While researching the newest satellite internet option for RVers this week - the RV DataSAT 840 and the accompanying Insta-Sat service, I surfed around to check on the latest updates on the older options.
When I checked in on StarBand, I was dismayed to see this notice posted on the website:
We regret to inform you that due to steadily increasing operating costs, bandwidth demand and competing consumer broadband alternatives, we will be discontinuing StarBand services effective September 30th, 2015.
The FAQ goes on to explain that there is no future at all for StarBand service after September 30th, and the equipment is essentially junk:
The equipment is proprietary to StarBand and will not work with other Internet services. StarBand will not be repossessing the equipment. You can dispose of the equipment as you see fit.
The End of the Mobile / Tripod Era
StarBand was the only satellite internet service that officially supported customer-aimed mobile tripod installations, and thus was formerly a popular choice for some RVers.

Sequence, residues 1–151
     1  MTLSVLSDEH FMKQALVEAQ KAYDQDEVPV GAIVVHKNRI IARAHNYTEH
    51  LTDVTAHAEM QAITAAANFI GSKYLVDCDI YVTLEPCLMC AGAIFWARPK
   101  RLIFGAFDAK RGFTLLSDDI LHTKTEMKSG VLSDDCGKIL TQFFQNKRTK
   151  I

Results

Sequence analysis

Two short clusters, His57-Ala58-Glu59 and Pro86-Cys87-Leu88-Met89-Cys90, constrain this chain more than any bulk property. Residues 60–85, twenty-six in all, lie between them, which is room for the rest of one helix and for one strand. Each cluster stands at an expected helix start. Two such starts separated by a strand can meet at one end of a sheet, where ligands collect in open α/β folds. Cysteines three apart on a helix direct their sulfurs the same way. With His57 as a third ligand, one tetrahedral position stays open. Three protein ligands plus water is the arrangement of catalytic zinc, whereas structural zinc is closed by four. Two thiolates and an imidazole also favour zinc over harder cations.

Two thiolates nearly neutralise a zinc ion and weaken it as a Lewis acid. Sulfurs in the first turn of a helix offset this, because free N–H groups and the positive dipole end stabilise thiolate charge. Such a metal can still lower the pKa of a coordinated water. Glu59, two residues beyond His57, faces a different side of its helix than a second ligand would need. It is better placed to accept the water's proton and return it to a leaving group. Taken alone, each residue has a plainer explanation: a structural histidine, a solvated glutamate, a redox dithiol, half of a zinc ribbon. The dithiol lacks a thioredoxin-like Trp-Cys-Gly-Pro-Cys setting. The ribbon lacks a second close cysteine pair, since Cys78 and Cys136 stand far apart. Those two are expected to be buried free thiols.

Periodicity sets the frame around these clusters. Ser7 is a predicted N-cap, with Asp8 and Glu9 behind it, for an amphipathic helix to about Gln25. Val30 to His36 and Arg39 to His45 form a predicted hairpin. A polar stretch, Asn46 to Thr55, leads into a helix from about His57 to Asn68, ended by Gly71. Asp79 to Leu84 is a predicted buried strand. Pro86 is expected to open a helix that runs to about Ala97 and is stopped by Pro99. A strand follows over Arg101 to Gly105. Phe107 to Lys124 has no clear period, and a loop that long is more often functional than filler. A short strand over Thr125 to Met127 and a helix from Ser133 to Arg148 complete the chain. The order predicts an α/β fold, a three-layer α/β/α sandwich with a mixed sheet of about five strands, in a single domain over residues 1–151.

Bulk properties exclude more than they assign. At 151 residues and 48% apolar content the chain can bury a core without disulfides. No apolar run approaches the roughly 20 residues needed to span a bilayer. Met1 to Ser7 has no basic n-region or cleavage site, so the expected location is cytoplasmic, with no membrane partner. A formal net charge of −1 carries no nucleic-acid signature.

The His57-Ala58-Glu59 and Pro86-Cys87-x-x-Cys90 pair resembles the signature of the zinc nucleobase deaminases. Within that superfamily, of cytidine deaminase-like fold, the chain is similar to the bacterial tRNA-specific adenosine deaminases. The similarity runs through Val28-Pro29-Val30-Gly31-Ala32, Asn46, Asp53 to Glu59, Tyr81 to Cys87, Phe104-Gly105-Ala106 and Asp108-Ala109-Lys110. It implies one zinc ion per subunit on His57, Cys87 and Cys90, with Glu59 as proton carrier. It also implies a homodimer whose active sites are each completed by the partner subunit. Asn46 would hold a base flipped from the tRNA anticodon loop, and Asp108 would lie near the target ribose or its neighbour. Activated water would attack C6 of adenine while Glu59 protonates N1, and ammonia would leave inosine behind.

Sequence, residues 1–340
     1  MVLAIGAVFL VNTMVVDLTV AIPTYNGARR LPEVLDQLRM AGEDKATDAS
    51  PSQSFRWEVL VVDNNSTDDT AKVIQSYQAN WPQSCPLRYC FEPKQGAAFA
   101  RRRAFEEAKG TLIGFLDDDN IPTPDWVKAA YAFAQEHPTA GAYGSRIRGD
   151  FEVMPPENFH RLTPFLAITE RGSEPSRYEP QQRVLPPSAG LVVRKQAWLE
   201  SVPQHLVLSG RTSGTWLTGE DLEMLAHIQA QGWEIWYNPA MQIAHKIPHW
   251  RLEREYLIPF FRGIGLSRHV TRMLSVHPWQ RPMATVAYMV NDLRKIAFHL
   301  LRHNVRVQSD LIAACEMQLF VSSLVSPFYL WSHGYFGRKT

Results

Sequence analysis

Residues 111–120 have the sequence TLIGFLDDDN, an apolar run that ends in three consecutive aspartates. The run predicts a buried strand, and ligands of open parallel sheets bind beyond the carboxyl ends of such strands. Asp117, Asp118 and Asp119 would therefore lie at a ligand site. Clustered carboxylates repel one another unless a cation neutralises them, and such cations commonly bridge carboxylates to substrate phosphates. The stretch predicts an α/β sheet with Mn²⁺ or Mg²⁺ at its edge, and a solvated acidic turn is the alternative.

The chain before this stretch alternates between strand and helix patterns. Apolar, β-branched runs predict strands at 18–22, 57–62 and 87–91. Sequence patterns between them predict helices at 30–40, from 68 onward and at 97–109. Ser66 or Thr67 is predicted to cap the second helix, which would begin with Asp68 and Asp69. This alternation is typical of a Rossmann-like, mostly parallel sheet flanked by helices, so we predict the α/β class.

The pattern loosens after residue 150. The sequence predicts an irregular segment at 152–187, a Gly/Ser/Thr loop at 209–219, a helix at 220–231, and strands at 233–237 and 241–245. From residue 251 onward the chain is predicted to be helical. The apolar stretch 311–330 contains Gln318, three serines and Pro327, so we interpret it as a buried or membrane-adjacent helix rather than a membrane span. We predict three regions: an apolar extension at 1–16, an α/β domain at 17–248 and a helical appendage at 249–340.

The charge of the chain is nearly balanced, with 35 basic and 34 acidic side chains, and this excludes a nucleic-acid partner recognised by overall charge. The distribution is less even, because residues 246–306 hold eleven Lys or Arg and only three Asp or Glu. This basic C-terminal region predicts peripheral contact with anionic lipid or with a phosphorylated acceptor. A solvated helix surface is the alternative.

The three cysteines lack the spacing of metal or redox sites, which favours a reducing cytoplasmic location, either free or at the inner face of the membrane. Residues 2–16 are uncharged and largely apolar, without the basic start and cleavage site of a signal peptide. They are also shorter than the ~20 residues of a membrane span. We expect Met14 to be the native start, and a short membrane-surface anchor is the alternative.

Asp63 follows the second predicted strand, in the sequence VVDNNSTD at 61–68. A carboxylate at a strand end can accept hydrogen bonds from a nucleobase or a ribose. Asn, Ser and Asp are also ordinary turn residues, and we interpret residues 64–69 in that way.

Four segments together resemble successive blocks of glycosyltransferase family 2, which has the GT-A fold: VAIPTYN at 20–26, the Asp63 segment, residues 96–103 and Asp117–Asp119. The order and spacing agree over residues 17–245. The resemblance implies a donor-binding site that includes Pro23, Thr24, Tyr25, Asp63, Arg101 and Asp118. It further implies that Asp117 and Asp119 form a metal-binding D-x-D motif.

Reseller MobileInternetSatellite.com provided the training and equipment to assemble a portable tripod system, and monthly service plans from StarBand started at just $60 a month for 512Kbps down / 128Kbps up, up through $120/mo for 1.5Mbps down, 256Kbps up.
Though StarBand competitor HughesNet never officially supported mobile tripod installations, many RVers (including us) used to have similarly configured tripod-based HughesNet satellite internet systems.
But HughesNet has long ago moved on to "Gen4" satellite technology that uses "spot beams" that do not support roaming more than a hundred miles or so from your home address, and which requires precise professional aiming to initially configure.
In other words - not at all mobile friendly.
HughesNet has been aggressively migrating customers off of the old nationwide satellite service, and over the past year it has become essentially impossible for customers anywhere in the lower 48 to get HughesNet to activate new service with these older systems.
In other words - the age of affordable tripod-based mobile internet systems is now essentially over.
If you want satellite internet in an RV - the best (and nearly only) option remaining is the new RV DataSAT 840 robotic roof mounted system.
Or you can wait three to five years for next generation technology to (hopefully) get off the ground.